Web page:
top of page

I heard Norwegian soprano Lise Davidsen in a recital online on 8/29/20. It was part of the Metropolitan Opera’s Met Stars Live in Concert series. She had gotten a lot of press for her Met debut earlier in the season, in Tchaikovsky’s *The Queen of Spades.* I’d never heard her and am always eager to hear a rising young dramatic soprano.

Her program was a mixture of songs and arias (the full program is below). Her pianist was James Baillieu. The concert was performed in Oscarshall, the 19th century summer home of Norway’s king and queen.

It’s always exciting hearing a singer for the first time, and I imagined she knew that people would be hearing her for the first time in this recital. From her first notes I knew she was a major singer, she had that ideal mixture of creaminess and thrust, voice and artistry, fire and ice.

She was smart to open with “Dich, teure Halle,” an aria that many the audience would know well. It’s also an aria that was her calling card number for various competitions and the role was her debut role at Bayreuth. I (and many others, I’m sure) was mentally following along in the score and was pleased at every turn - - every tricky hurdle was jumped with ease. Best of all, I had the feeling that she was secure and fearless. I was especially interested to hear her do the final two phrases in one breath each, I’d never heard it done that way before, I’d always heard those phrases taken with a breath in the middle, a thoroughly understandable choice. The fact that Davidsen did them without the breath in the middle showed exceptional composure and a nice bit of nerve. Here she is singing it in a Norwegian competition in 2015:

















A few side notes: I was curious how old she was and was impressed to see that she’s 33. A good age for a singer, hopefully you know what you’re doing and still show signs of developing. And I was tickled to see that she’s 6’ 2”! Her pianist, James Baillieu had everything you want in a collaborative pianist: chops, breadth, attentiveness, and that essential bit of chemistry with the other person. Two things tickled me about him: he was using an iPad instead of a printed score, and he was wearing black and white striped socks.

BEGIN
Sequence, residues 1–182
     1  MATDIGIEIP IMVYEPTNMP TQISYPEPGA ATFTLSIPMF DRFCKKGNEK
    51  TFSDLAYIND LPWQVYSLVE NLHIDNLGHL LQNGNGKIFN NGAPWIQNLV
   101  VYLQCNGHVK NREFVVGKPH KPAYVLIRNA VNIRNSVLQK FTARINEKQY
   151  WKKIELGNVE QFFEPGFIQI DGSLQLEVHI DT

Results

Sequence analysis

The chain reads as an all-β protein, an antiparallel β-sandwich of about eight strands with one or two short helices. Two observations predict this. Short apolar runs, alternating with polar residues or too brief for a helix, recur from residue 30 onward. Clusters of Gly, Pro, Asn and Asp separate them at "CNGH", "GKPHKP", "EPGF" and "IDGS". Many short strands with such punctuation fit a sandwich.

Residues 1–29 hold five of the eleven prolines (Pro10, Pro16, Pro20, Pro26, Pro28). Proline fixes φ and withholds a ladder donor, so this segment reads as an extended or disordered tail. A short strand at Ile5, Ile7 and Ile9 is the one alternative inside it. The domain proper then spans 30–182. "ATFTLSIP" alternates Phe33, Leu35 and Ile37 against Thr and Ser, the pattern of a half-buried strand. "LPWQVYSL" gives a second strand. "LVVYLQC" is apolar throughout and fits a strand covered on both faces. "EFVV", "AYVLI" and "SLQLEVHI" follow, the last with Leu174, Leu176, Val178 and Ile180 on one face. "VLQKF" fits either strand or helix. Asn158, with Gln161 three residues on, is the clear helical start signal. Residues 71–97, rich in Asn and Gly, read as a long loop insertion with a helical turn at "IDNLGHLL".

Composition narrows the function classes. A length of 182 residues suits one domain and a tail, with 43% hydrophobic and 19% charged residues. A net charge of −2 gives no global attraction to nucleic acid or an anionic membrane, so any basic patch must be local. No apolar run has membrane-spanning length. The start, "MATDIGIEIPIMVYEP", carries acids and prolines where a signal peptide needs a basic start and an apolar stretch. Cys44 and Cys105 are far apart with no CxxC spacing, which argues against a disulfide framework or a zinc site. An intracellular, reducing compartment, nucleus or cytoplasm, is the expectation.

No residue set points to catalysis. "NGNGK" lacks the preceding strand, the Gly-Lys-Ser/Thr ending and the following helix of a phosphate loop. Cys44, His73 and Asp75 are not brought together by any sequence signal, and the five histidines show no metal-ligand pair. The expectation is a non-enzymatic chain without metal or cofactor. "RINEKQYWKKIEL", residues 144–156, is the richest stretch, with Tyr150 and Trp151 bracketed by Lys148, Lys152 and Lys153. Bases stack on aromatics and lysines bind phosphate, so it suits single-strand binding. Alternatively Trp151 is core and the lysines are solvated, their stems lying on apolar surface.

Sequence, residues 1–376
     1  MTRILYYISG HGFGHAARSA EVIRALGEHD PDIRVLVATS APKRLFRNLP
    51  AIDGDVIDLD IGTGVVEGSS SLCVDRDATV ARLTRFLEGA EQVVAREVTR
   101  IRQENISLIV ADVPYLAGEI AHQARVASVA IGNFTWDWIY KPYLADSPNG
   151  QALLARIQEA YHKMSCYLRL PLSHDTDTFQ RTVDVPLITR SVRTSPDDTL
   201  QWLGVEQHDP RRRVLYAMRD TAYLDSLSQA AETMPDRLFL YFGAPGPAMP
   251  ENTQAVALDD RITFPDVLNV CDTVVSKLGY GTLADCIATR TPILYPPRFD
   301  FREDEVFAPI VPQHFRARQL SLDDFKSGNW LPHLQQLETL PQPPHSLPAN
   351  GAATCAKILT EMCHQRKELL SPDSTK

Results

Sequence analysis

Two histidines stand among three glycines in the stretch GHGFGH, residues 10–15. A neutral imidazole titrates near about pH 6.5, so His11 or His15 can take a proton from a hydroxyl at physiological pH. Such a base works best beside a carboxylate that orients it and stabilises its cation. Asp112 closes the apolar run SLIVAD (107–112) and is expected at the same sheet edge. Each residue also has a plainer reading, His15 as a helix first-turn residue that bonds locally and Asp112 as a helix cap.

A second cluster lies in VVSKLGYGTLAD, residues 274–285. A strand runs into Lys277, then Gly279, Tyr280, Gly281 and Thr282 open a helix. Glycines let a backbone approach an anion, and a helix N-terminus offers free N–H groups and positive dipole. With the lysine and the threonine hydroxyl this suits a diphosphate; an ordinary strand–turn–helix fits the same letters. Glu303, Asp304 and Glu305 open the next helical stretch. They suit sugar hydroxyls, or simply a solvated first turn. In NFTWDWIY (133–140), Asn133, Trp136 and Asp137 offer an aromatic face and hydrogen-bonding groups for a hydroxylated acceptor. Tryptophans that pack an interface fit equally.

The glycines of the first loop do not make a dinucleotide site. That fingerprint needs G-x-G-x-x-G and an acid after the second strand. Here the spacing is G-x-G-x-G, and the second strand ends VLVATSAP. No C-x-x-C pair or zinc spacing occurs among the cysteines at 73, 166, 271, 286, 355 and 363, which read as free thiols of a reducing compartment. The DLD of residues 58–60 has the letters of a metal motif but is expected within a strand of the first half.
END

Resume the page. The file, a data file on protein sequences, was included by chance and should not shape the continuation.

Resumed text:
The Grieg and Sibelius songs were touching, with a nice change in texture from the arias. I was a little worried to see the Verdi aria and later, the Puccini aria on the program. They both seemed a little too grand for such a young singer. But she sang them with her own voice, on her own terms, she never sounded like she was trying to do anything beyond her abilities. And again, every hurdle jumped with aplomb.

The Richard Strauss aria and songs were the things on the program I was most looking forward to, it seemed that they’d be a perfect for her voice and temperament. Sure enough, she sang them with a comforting sense of rightness. She again displayed great poise and long breath in the last phrase of the *Ariadne*aria, which she sang in one breath. “Morgen!” was a highlight of the program, she captured all the quiet magic of the song.

As usual, the Met gave the artists a little break here and there and filled in the spaces with prerecorded segments. We saw a clip of her singing the end of “Dich, teure Halle,” the same performance I included above, at which her winning prize was given to her by Queen Sonja of Norway. This was followed by a short conversation between Davidsen and Queen Sonja at the palace. Later in the concert Davidsen was interviewed (via Zoom or similar) by the General Manager of the Met, Peter Gelb. He made the cute comment that she makes his job easier, because he has someone wonderful to put in these hard-to-fill roles.

The unexpected high point of the performance was “Johnny” by Benjamin Britten. It’s from his *Cabaret Songs,* which are set to texts by W. H. Auden. This song starts as an amusing bit of froth, but it turns dark and dramatic in the final verse. Davidsen had a husky, creepy quality to her voice, it was intense and surprising.


She sang“O lovely night!” with sweetness and charm, breathing life into this musty old chestnut. Here's the darling Gladys Swarthout singing it in an arrangement with more than a hint of Hollywood:

















The one slight misfire of the concert was “When I have sung my songs to you,” which she sang with a bit more hooty, poppish straight tone than I think was good for this context, or attractive in her voice. But all was forgiven with her final song, “I could have danced all night.” As expected, she capped it off with a dazzling high C.

“Dich, teure Halle” from Wagner’s *Tannhäuser*

“Allmächt’ge Jungfrau” from *Tannhäuser*


“Ved Rondane,” Op. 33, No. 9 “En Svane,” Op. 25, No. 2 “Våren,” Op. 33, No. 2 by Edvard Grieg


“Morrò, ma prima in grazia” from Verdi’s *Un Ballo in Maschera*

“Säf, säf, susa,” Op. 36 “Var det en dröm?” Op. 37 by Jean Sibelius


“Es gibt ein Reich” from *Ariadne auf Naxos*

“Ruhe, meine Seele!” Op. 27, No. 1 “Cäcilie,” Op. 27, No. 2 “Heimliche Aufforderung,” Op. 27, No. 3 “Morgen!” Op. 27, No. 4 by Richard Strauss


“Sola, perduta, abbandonata” from Puccini’s *Manon Lescaut*


“Johnny” by Benjamin Britten

“Heia, heia, in den Bergen ist mein Heimatland” from Kálmán’s *Die Csárdásfürstin*

“O lovely night!” by Landon Ronald

“When I have sung my song to you” by Ernest Charles

“I Could Have Danced All Night” from Lerner and Loewe’s *My Fair Lady*



bottom of page